Jeff: So the first thing that comes to mind for me and this isn't gonna surprise anybody out there, but in Frank Herbert's last dune book, his last book, chapter house dune. There's a group of people that are Jewish that are hiding and running away from the big, bad guys, the honored mares and the, the leaders called, you know, imaginatively the rabbi in there.
And so that was my first thing. And I started thinking about it some more. And what I kind of came to is in the couple instances I'll share here, where there are Jewish people in sci-fi, they tend to either be cowards or they tend to be completely against anything new or different. So cowards Firefly had two, I feel explicitly Jewish characters, Amon and Mr.
Universe. And both of them took a grand total of like four seconds to cave. and give mal on the crew up is like as soon. Oh, oh yeah. This is the, the transaction we did. And the other part of it too, is most Jewish people or Jewish archetypes or stereotypes are, are merchants of some kind, but the ones that are against things that are new, you got the rabbi and do who?
I mean, they're literally in a ship called a no ship that can't be sensed picked up on scanners. It can't be seen, it's flying through parts of the universe. No one's ever imagined. And he's still talking about like, well, you know, we need to, you know, worry about getting to Jerusalem to do this thing. It's like earth hasn't even been around in millennia and he is so against anything new, but also, uh, in V the series, the mini series via brought up.
There's a great character named Abraham in there who just outright. Tells you the theme, you know of like, Hey, these are fascists coming in to take us over, but he is the same where they're like, we have to fight this way and we have to use these weapons. And he is like, no, no, you have to stick to the old ways and do stuff.
So I, in my experience in sci-fi Jewish people aren't portrayed well, but rabbi Yoel was incredible. You talked about it in your recap, but like at no point Avan was basically saying, ah, I mean, like I'm Jewish, but, and not even a second of judgment. He's just like, I mean, you can see the disappointment on his face, but he's like, okay, well, if you need me, this is, this is where I'm gonna be.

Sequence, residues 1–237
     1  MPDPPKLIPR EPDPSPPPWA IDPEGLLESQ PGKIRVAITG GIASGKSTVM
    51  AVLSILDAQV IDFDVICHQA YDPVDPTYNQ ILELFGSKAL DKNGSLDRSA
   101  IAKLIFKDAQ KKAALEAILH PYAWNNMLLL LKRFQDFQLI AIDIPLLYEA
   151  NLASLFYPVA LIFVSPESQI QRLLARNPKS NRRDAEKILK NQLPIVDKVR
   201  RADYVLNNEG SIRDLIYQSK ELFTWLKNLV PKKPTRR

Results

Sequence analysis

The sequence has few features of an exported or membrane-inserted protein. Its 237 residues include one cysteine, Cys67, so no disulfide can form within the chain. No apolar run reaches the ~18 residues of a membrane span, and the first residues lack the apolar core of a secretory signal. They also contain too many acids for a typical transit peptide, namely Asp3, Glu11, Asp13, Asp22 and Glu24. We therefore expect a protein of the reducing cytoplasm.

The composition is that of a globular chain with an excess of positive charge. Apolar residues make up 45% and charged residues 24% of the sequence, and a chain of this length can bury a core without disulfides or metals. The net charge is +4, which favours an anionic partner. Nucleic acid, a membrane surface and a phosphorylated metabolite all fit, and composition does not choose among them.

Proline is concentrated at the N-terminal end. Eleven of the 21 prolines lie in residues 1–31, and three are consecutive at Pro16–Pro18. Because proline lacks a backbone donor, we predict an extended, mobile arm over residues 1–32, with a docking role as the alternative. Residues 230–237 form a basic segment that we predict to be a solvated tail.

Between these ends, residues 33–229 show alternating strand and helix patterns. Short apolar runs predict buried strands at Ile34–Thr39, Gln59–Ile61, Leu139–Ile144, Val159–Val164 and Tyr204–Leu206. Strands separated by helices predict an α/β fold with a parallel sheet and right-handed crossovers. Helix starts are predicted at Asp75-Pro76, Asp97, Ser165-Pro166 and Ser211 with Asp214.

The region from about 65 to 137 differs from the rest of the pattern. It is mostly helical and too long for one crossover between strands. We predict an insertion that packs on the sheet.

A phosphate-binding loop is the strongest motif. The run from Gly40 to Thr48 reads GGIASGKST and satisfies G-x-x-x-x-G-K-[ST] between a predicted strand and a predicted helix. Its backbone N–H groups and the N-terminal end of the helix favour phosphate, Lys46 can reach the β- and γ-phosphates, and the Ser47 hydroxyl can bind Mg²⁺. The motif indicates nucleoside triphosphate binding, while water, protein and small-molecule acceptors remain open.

And I'm, I'm here for you. Oh, so good.
Brent: It's dude. Sometimes that's all people really need is a, Hey I'm here. I'm not gonna push myself into you. I'm not gonna pressure, but if you need me, I'm here and that's why I'm here for you.
And it worked great. He, he pressured, I think he definitely. But in a really cool and, and compassionate way, like it was crystal clear. He, he wanted her to sit Sheva, like he wanted that to happen, but also he just wanted her to be taken care of, you know, like ultimately if I,
Brent: it was for her. He wanted it for her,
It wasn't about him checking some, you know? one of the things about Judaism that I know, I know a good, good amount actually. And about this specifically, I've got thoughts we'll get to, but in the Torah it specifically says that the people, the chosen people, the ju the Jewish people are all one. So, what ha what one does, what happens to one?
Everyone does happens to all of us. So like city in Sheva city in shva, she doesn't technically have to do it. Someone else could sit Sheva and that counts that, that that's oversimplifying it. But if someone else goes and sits it, then all. All of the people have had the opportunity to sit.
Brent: So, let me just, let me just clarify this, cuz this is Brent, not knowing Jewish culture hardly at all. Shevas a real thing like this sitting Sheva, like that's what, like, was it accurately described and portrayed in the episode as far as you
Jeff: Pretty close. Yeah. Pretty close to the sin. Shiva normally, uh, normally takes it's a seven it's seven days of morning, but there are for some rules I don't fully understand? but if it's been a while, if the body has already been buried, some stuff that seven days can shorten, but the, the gist, like just the gist of it is exactly what it was sitting down, letting people swing by telling stories, crying, celebrating, just mourning in more
Brent: like a seven day wake or something like that,
Yeah, pretty much. And they're, they they're generally, generally they're pretty low key. They are, um, uh, respectful reverent, you know, there's, there's often quite a bit of praying that happens in them. Um, but yeah, they did a good job traditionally, too. Like it's done literally sitting and oftentimes the morning people, the family that are left will actually sit like on the floor or on a low stool, they will sit low to kind of demonstrate like we're low we're, you know, we're feeling down literally right.
And then people can swing by. I, I wish like it was cool. Jumping ahead a little bit. I thought it was really cool that Sinclair was there when she was able to sit. And I know why he wasn't, but I really wish Kara Baldy could have been there.